If you’re pregnant, or have been pregnant, you know all about that dreaded glucose test. Gulping down that sugary drink and having your blood drawn may not sound appealing, but it is an important screening test to find out if you have gestational diabetes. Bottoms up!
I was 31 weeks pregnant with my son when I found out I had gestational diabetes. My first glucose test came back positive. I had to take the second test… which meant blood draw after blood draw. Ugh! Many of my friends said false positives were pretty common. That meant I didn’t have it, right? There was no WAY my second test would come back positive. That first test was a fluke.
I had no family history of diabetes, wasn’t overweight, had a pretty uneventful first pregnancy, and my son was measuring small, not large. Those are some of the common factors that can raise your chances for gestational diabetes. I got a call back the very next day that I did in fact have gestational diabetes. I’m pretty sure I burst into tears after hanging up. I was so confused, upset, and worried about my baby. What did I do wrong?
The answer is- nothing. I didn’t do anything wrong. My husband, a resident at the time, sat me down and explained what was going on in my body. The hormones being produced by my placenta, by our baby, was making it difficult for me to use insulin properly. It wasn’t something I had done despite eating one too many Oreo’s after dinner.
Gestational diabetes is actually more common than you think. The internet is full of articles to read, and I read as much as I could, but I really wanted to read about other women’s experiences. Unfortunately I didn’t come across many personal stories and concluded that this wasn’t something women wanted to talk about. Even I withheld the news for a few days before confiding in my closest friends. I was ashamed, confused, and worried about my baby.
Soon after being diagnosed I had an appointment to meet with a nutritionist. I was going to learn what I could and could not eat, how to count carbs and serving sizes, and how to test my blood sugar everyday. Oh joy! Honestly, I was more concerned about what I could eat, because…I really love food. A bare bones diet wasn’t going to be easy for me.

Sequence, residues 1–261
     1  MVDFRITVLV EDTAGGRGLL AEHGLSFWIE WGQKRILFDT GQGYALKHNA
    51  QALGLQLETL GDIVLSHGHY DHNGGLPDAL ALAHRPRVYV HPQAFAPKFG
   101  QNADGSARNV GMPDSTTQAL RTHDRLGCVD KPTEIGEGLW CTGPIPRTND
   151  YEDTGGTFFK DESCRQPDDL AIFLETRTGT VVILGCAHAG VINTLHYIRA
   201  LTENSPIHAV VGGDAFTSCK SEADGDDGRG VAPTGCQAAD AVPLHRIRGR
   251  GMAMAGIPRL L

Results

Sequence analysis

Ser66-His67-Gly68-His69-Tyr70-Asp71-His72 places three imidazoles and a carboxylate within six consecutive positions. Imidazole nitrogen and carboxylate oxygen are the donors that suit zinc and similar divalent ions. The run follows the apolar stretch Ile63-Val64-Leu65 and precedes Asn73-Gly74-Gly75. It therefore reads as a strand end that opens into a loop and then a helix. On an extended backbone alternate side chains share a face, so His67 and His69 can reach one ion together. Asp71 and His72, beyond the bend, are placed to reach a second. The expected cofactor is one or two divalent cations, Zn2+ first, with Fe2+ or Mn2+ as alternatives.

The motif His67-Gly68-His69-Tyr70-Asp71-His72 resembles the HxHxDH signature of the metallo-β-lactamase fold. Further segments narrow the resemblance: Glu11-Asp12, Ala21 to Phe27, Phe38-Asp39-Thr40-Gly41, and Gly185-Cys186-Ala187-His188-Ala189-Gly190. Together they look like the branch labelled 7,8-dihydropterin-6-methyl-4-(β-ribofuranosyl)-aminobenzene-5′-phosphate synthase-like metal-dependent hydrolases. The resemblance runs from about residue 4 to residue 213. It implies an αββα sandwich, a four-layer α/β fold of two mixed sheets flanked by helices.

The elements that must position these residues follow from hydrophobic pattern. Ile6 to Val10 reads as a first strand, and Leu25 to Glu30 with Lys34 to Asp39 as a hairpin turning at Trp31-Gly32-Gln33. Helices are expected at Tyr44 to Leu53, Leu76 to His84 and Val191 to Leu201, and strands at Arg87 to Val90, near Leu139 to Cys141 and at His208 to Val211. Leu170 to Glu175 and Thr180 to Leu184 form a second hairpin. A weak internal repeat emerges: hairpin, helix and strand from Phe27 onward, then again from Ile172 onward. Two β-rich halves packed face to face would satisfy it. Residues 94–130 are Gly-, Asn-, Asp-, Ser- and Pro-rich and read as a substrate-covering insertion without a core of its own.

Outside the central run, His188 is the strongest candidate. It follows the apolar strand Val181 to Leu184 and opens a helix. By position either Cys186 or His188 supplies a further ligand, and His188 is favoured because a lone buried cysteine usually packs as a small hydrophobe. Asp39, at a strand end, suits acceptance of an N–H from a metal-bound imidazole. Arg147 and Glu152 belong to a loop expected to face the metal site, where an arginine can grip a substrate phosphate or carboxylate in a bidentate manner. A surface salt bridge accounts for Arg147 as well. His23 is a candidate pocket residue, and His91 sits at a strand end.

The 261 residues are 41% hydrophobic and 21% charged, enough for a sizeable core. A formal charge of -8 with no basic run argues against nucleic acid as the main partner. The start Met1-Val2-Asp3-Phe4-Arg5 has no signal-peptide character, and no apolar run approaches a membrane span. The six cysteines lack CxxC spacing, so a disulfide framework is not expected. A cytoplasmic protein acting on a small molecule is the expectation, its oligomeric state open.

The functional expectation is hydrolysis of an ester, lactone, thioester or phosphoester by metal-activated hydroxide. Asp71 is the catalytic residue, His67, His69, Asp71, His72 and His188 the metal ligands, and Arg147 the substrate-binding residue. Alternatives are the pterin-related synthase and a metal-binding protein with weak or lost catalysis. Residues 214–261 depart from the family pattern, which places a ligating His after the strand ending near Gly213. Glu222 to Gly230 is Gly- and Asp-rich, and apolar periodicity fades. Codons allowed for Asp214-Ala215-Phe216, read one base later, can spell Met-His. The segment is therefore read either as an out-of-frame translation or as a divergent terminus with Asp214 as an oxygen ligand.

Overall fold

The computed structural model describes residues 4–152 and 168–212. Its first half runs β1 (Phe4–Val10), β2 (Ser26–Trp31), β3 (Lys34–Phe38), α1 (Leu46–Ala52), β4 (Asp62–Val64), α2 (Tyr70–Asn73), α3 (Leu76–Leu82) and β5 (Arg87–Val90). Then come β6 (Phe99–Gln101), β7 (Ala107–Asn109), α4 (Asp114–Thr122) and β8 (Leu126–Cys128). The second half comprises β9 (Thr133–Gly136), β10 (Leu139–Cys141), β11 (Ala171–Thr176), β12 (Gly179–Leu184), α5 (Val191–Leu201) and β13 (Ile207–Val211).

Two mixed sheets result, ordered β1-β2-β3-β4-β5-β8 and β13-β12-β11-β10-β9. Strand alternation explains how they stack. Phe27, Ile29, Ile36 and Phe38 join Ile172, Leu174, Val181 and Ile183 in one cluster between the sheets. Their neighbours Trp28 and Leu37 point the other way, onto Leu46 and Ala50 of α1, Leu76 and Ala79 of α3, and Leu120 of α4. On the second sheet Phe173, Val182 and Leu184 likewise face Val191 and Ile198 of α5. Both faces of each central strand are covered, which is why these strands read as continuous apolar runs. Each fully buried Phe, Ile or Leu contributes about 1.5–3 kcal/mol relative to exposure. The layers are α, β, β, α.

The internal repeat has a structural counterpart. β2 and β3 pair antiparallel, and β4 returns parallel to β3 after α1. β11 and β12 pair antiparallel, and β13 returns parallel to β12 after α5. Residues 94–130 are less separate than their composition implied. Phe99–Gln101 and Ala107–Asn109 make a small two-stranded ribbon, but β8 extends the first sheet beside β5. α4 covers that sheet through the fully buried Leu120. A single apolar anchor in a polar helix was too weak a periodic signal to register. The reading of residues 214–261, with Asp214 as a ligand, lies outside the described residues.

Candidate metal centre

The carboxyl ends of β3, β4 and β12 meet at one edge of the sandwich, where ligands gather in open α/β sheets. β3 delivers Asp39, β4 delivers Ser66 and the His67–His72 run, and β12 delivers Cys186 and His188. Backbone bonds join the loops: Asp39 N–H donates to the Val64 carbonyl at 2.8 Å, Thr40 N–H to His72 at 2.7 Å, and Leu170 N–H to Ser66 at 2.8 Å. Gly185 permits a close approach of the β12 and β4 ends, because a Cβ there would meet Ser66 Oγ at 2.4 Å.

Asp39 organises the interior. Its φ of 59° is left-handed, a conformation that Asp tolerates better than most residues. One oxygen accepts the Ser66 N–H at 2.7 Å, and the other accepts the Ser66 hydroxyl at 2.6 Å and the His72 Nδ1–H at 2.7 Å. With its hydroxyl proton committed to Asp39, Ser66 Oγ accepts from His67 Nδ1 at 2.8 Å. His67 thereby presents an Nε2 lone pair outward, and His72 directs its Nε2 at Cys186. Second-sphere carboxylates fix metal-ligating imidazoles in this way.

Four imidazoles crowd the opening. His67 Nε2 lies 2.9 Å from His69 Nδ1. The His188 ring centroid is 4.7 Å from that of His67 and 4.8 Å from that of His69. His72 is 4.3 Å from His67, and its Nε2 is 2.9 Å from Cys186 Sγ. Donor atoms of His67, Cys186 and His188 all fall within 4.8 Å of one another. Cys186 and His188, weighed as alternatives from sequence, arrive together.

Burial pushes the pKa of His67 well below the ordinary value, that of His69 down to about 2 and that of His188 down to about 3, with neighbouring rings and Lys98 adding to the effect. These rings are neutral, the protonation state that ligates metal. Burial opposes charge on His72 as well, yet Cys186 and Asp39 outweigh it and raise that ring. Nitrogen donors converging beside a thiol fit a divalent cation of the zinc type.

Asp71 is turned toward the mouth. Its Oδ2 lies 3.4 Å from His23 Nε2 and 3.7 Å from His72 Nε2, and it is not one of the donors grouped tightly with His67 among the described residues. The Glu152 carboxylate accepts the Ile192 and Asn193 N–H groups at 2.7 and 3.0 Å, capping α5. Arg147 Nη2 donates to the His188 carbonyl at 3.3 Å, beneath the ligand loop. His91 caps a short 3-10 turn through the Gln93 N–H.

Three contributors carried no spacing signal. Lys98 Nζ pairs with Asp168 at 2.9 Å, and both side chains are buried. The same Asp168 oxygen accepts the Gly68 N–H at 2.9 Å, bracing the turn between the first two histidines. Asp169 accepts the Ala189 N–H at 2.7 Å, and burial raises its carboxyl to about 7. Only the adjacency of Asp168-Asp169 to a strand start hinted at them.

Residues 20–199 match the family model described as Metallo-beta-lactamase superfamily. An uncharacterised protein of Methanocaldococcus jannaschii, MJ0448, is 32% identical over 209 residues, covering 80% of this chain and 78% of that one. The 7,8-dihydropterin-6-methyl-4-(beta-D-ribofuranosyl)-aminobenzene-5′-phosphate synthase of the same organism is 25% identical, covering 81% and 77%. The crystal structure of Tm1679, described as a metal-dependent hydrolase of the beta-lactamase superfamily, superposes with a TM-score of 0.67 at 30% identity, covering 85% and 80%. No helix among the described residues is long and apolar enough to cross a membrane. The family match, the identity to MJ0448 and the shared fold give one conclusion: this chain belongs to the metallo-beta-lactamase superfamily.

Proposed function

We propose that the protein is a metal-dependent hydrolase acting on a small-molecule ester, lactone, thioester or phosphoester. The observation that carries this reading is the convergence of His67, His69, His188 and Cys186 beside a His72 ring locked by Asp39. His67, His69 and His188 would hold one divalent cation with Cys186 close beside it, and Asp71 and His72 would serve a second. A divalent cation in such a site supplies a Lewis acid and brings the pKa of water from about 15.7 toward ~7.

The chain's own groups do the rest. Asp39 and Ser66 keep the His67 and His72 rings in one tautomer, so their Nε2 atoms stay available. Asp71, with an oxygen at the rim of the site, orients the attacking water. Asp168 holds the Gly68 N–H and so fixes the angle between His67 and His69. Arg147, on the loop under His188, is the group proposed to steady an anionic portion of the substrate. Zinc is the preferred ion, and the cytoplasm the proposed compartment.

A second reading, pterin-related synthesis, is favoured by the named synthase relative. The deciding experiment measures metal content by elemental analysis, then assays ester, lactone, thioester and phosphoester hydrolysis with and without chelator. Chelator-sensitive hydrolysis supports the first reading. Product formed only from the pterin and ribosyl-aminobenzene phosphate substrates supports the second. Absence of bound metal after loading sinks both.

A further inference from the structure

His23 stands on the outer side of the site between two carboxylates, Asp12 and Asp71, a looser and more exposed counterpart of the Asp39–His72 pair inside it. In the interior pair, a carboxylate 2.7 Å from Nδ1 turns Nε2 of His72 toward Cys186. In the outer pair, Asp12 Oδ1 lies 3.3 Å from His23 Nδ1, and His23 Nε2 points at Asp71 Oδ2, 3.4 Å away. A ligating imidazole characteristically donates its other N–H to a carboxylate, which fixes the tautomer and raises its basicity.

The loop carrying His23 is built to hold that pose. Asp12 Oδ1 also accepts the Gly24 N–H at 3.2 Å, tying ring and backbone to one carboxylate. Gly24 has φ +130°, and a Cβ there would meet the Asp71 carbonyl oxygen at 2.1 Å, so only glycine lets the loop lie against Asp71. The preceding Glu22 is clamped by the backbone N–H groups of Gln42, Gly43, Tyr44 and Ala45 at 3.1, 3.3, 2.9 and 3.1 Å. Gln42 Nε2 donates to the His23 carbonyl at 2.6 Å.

I received so much information at my appointment. This chart was a real lifesaver. Three main meals a day, with three carbohydrate choices and three snacks. Okay, this wasn’t going to be too terrible…I could still have bread, fruit, and plenty of other things I loved, like eggs and cheese. Of course I had to make sure I wasn’t going over the allowed carb count and measure out my portion sizes, but it was doable. Every time I went grocery shopping I read all the nutrition labels. My one treat for the week was a frozen yogurt bar that I found right next to the ice cream! I also had a handy dandy booklet with every food item you can imagine listing how many carbs were in one serving. That was so helpful! Keep in mind that you may not receive this particular meal plan, as they can vary based on your particular case.
Testing my blood sugar four times a day was NOT fun, but I did it, and I got through it. Once I got the hang of it, it became a part of my daily routine. Wake up, check blood sugar, check again after breakfast, lunch, and dinner. My doctor had me keep a log of my numbers and checked them at every appointment to make sure everything was going well.
Gestational diabetes can occur in any pregnancy. You can be fit, active, and healthy with no family history. Taking the time to invest in preventive care is so important for you and your baby.